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Very good thread, if you chalk stand there dont put your head in after every dart wait until they finish throwing if your not sure ask them and confirm the score if your not sure if your math is right dont be afraid to ask we all brain cramp sometimes , just think i wouldn't want someone whos chalking to do something when i play so dont do it if your chalking
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Take note also. If you see that the Chalker is slow in mental Math, you can politely tell him what to write on the board (with the approval of opponent too). Take note that some Chalkers feel nervous so please make them feel at ease.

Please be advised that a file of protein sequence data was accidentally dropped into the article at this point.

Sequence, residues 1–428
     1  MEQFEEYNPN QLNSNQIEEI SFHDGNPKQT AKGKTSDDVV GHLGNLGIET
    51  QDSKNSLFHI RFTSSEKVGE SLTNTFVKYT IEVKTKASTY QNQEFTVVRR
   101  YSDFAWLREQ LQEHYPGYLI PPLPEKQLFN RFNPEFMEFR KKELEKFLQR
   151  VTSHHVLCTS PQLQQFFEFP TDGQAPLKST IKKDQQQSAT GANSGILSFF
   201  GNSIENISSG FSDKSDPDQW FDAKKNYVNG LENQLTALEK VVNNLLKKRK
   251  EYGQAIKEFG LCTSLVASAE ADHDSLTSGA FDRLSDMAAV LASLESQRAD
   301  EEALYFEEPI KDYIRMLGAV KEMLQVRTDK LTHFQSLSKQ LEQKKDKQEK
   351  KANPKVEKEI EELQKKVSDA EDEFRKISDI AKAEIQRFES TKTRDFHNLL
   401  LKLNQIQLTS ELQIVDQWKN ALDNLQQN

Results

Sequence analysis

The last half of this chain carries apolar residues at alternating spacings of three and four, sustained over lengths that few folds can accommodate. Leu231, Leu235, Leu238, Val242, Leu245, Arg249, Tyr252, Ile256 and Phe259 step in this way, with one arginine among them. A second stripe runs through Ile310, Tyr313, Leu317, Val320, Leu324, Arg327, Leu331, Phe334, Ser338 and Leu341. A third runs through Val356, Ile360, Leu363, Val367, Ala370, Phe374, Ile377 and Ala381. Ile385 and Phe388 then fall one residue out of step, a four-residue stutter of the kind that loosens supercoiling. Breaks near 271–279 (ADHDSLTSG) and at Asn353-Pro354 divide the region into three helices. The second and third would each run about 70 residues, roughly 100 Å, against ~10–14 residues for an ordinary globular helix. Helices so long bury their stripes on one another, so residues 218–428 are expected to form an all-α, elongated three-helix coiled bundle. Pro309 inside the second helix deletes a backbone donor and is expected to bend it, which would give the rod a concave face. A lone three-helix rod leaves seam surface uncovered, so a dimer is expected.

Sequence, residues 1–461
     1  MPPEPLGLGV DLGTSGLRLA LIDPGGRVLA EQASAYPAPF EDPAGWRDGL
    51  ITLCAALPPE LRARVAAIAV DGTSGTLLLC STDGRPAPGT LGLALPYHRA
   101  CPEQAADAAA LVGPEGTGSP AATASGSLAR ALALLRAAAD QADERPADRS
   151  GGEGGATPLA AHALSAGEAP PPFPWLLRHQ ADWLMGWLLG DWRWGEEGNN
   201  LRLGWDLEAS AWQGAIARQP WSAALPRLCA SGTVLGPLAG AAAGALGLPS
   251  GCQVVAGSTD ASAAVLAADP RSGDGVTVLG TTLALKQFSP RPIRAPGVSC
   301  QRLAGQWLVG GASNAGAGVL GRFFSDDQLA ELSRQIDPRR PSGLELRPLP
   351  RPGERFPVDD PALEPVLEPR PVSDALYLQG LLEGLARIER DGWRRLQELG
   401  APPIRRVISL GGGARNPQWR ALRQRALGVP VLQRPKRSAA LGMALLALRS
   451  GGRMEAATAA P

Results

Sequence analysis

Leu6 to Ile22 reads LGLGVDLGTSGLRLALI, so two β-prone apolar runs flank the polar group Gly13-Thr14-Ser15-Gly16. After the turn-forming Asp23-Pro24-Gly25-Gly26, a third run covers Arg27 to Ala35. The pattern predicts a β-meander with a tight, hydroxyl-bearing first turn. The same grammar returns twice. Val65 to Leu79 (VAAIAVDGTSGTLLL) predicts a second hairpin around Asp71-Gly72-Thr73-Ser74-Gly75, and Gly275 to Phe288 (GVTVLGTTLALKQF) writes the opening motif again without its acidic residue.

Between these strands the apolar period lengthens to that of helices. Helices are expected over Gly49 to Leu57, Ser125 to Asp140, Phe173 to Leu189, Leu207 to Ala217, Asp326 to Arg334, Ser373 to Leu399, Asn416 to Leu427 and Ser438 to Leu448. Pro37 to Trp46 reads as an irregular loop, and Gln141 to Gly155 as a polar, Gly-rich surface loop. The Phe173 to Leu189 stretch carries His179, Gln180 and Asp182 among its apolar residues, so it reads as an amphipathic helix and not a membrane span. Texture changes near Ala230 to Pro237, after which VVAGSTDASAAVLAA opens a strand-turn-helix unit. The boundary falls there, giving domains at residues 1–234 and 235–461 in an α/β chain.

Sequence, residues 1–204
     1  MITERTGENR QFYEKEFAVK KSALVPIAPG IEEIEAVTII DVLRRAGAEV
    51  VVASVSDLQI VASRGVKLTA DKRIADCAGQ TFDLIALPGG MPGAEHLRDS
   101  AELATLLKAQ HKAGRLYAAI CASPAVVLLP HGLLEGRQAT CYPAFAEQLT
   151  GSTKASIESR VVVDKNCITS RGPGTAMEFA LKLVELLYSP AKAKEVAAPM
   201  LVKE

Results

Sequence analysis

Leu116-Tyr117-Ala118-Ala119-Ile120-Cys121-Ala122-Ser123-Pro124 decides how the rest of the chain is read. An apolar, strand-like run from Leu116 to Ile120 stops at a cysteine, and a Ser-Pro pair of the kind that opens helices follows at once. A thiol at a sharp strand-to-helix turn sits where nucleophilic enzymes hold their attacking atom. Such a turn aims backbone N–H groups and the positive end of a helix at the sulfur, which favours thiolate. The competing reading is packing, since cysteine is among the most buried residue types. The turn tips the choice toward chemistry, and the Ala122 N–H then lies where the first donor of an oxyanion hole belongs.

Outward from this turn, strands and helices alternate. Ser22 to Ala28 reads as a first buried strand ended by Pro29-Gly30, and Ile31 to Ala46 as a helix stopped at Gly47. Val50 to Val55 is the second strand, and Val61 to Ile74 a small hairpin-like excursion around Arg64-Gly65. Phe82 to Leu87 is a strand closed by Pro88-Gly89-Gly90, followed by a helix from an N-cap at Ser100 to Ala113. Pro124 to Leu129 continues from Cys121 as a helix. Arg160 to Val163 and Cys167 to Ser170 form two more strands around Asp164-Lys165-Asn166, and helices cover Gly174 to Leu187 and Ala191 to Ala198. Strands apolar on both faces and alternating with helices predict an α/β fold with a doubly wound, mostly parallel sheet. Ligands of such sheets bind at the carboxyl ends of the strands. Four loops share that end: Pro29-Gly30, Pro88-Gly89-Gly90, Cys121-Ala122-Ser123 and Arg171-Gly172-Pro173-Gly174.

In my case, I offer my Chalker a drink after doing good service as a sign of appreciation. Some do the same thing to me as Chalker.
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This one is especially important:

1.Face the chalkboard and in the direction of the dartboard. You shouldn't be able to see the players and you need to stand still. If you have to move - like to scratch an itch or to erase some of the chalkboard, for example - wait until a player has thrown all 3 darts to do it. It's unlikely that a player's missed dart would be your fault but most people would agree that the fewer distractions a player faces while throwing, the better.


One of our own players has a habit of, when he's chalking, looking at you if you take a couple of seconds longer than normal to release the dart.